Big Four firm EY and Microsoft have launched a blockchain solution for content rights and royalties management, joining a growing group of legal tech start-ups – which are operating at a much smaller scale – that have also developed similar blockchain-based IP solutions.
EY and Microsoft will test out the system first in the computer gaming sector, with a focus on securing royalty payments for those parties that are owed them in what is a very complex, multi-party, fast-changing and global market.
Explaining the project, the two companies said: ‘[We] designed the solution to serve any industry where intellectual property or assets are licensed to other parties and where the creators are paid royalties based on royalty agreements. Within this value chain – which can include authors, song writers, production houses, developers and more – the intellectual property generates millions of transactions aggregating to billions of dollars per month in royalties to be paid.’
It pointed out that the royalty calculations along the value chain are currently mostly manual and generally managed via offline data sources – and that is the key point, i.e. the blockchain itself is not the exciting part, it’s just a way of storing data, what’s exciting is the way that this new way of gathering data can help then to automate transactions via smart contracts.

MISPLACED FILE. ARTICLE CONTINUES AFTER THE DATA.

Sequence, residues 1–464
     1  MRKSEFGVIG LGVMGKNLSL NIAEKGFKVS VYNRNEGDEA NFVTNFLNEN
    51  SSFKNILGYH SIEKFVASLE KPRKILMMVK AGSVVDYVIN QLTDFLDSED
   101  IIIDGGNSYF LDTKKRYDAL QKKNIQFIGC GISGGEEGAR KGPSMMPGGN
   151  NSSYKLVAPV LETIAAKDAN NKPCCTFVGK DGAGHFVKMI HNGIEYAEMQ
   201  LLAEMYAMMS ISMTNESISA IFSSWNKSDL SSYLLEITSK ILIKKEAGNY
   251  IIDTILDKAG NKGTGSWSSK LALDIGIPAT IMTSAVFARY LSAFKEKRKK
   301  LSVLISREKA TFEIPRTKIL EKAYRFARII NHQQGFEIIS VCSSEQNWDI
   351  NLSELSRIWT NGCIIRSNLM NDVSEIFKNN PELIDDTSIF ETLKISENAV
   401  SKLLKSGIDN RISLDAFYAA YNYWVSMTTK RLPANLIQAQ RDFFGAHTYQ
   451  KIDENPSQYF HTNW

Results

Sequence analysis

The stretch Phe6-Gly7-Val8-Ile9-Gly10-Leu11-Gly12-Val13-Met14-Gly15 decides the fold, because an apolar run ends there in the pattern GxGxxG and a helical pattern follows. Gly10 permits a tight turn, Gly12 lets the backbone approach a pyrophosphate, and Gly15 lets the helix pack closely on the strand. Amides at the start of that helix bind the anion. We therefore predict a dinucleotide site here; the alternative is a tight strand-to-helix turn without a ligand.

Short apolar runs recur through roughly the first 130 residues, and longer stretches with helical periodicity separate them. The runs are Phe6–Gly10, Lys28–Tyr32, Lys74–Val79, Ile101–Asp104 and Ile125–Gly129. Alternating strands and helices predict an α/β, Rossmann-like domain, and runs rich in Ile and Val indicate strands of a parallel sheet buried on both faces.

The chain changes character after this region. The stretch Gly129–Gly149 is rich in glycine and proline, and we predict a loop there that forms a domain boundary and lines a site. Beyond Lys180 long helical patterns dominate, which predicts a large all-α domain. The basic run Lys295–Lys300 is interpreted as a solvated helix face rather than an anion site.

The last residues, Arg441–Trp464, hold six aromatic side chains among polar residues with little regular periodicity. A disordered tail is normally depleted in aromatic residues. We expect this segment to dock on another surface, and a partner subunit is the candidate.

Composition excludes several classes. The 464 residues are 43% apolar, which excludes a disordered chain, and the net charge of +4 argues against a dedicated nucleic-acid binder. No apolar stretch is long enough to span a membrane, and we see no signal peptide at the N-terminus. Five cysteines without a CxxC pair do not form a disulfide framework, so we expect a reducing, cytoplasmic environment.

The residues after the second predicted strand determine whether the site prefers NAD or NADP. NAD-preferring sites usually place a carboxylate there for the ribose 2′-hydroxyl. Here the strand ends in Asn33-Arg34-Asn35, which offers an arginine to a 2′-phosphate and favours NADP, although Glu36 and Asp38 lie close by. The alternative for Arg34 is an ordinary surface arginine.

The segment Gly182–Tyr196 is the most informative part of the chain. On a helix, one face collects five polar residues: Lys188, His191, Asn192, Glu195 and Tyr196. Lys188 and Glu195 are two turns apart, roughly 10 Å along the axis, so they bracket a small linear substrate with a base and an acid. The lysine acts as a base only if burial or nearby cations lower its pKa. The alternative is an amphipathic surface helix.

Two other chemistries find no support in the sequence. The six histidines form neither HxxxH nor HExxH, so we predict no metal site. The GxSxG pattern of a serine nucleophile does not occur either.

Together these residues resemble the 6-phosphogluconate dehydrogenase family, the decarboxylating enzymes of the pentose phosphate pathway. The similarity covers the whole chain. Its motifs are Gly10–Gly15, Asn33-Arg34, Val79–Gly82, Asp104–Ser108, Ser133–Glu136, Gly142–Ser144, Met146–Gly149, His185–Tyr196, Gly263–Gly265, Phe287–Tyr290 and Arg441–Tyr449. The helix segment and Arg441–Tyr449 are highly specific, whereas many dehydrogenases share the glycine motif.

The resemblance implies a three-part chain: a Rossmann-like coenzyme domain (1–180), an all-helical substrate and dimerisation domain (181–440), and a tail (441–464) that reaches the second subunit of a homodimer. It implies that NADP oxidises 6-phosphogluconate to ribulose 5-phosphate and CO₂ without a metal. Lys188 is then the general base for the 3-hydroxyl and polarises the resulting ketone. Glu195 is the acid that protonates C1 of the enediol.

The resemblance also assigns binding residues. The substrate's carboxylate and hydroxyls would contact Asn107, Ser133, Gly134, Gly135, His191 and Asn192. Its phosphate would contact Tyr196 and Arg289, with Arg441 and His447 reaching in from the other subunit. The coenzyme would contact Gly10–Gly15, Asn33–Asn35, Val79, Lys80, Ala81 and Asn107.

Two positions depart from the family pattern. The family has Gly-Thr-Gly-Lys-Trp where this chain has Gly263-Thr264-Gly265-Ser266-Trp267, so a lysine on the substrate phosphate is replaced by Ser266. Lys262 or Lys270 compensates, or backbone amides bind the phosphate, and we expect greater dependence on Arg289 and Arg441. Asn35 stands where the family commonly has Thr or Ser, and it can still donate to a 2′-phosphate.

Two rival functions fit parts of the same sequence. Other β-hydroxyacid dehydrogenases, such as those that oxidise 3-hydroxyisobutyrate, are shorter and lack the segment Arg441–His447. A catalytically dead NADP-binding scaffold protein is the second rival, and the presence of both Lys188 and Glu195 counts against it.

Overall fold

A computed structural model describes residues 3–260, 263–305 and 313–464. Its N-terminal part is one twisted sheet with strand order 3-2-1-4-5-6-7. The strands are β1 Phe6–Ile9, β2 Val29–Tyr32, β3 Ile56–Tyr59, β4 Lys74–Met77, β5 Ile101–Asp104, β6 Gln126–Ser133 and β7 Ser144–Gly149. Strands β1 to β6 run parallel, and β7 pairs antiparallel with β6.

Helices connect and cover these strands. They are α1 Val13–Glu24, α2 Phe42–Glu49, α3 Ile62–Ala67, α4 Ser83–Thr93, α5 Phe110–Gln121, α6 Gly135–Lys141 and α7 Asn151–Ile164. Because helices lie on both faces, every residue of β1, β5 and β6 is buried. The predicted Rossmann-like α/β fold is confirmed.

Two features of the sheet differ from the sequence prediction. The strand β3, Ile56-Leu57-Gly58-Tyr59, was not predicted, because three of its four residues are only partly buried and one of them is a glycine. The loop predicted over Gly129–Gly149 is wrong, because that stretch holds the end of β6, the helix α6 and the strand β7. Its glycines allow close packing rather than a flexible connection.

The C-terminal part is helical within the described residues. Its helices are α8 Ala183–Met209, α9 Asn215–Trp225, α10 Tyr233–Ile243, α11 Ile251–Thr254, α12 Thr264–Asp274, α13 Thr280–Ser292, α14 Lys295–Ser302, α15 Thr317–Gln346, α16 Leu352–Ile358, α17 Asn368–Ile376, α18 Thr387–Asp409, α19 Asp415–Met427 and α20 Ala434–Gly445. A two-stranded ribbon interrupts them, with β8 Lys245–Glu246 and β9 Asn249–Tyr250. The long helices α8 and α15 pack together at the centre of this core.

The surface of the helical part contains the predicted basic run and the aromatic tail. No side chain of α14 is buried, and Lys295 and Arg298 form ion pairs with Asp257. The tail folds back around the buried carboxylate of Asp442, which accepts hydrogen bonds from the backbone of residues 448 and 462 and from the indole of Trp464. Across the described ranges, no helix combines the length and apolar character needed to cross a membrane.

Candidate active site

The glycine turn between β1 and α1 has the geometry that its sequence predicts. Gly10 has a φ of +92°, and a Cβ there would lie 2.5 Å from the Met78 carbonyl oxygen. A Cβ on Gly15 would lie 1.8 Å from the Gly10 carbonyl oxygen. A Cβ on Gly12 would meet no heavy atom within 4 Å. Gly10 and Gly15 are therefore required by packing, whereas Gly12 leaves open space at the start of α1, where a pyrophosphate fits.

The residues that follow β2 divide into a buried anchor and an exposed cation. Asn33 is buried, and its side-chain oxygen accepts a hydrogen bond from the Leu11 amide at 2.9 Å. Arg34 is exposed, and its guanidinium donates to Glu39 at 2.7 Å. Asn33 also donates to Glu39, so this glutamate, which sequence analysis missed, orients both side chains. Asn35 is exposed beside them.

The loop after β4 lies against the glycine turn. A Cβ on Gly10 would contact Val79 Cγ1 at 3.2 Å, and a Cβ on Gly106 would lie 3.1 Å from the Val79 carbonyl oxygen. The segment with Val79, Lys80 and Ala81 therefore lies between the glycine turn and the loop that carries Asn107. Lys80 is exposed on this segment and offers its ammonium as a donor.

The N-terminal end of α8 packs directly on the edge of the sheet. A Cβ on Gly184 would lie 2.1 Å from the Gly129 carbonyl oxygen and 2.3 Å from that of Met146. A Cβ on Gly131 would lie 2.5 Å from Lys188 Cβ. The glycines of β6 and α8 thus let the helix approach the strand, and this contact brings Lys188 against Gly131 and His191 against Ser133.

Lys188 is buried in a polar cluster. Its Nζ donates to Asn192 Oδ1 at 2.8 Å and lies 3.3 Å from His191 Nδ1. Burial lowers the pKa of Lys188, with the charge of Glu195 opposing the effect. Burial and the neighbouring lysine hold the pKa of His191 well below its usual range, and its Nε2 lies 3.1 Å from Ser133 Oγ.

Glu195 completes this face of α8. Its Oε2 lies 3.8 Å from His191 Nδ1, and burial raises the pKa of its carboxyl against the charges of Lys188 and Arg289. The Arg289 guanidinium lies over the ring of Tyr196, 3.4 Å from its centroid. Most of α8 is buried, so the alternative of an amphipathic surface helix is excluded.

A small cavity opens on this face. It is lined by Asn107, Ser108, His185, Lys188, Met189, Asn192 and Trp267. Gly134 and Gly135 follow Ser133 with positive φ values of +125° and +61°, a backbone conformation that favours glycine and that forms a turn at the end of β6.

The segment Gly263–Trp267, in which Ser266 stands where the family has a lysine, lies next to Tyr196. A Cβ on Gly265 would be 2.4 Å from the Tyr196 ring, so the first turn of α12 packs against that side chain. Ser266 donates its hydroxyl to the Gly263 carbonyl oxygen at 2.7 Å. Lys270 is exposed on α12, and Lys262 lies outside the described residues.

Or in other words, EY and Microsoft are moving toward the automation of the global IP royalties sector – which is a massive industry. By one estimate, music-related royalties alone generated $25 billion, just in 2014. Anything that impacts this is going to be significant. How royalties get paid out will also need to be considered by the many IP lawyers who get dragged into disputes when their clients think they should have received more.
What’s exciting is the way this can help then to automate transactions via smart contracts.
To that end the two companies said that the solution is ‘designed to enable increased trust and transparency between industry players, significantly reduce operational inefficiencies in the rights and royalties management process, and eliminate the need for costly manual reconciliation and partner reviews’.
It works like this: the embedded smart contract architecture is designed to enable accurate and real-time calculation of each participant’s royalty position, providing enhanced visibility for recording and reconciling of royalty transactions.
The underlying network is built using the Quorum blockchain protocol and Microsoft’s Azure cloud infrastructure and blockchain technologies, and implements confidentiality of agreements across entities.
Microsoft’s gaming partners participating on the network will get improved visibility to the transactions versus the legacy process, which could take up to 45 days or more, said the pair.
Ubisoft, one of the world’s leading game publishers and a Microsoft gaming partner, is testing the solution.
Paul Brody, EY Global Innovation Leader, Blockchain, said: ‘The scale, complexity and volume of digital rights and royalties transactions makes this a perfect application for blockchains. A blockchain can handle the unique nature of each contract between digital rights owners and licensors can be handled in a scalable, efficient manner with an audit trail for the participants. By deploying this on Microsoft Azure, we believe this will be highly scalable across thousands of royalties and content partners.’